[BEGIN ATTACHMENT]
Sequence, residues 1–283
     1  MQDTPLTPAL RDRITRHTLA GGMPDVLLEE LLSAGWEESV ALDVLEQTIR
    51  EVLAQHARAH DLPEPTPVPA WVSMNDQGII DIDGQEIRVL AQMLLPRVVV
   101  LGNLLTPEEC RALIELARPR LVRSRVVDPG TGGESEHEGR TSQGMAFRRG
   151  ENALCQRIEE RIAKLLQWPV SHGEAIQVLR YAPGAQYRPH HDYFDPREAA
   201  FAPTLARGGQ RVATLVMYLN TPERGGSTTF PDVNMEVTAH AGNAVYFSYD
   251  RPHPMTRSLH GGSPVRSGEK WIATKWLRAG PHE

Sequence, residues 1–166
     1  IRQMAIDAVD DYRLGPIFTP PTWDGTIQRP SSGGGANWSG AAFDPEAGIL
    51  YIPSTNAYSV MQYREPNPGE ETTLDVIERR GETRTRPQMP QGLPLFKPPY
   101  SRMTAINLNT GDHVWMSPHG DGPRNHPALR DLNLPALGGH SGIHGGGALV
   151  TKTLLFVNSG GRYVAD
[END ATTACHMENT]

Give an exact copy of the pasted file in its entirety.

Sequence, residues 1–283
     1  MQDTPLTPAL RDRITRHTLA GGMPDVLLEE LLSAGWEESV ALDVLEQTIR
    51  EVLAQHARAH DLPEPTPVPA WVSMNDQGII DIDGQEIRVL AQMLLPRVVV
   101  LGNLLTPEEC RALIELARPR LVRSRVVDPG TGGESEHEGR TSQGMAFRRG
   151  ENALCQRIEE RIAKLLQWPV SHGEAIQVLR YAPGAQYRPH HDYFDPREAA
   201  FAPTLARGGQ RVATLVMYLN TPERGGSTTF PDVNMEVTAH AGNAVYFSYD
   251  RPHPMTRSLH GGSPVRSGEK WIATKWLRAG PHE

Sequence, residues 1–166
     1  IRQMAIDAVD DYRLGPIFTP PTWDGTIQRP SSGGGANWSG AAFDPEAGIL
    51  YIPSTNAYSV MQYREPNPGE ETTLDVIERR GETRTRPQMP QGLPLFKPPY
   101  SRMTAINLNT GDHVWMSPHG DGPRNHPALR DLNLPALGGH SGIHGGGALV
   151  TKTLLFVNSG GRYVAD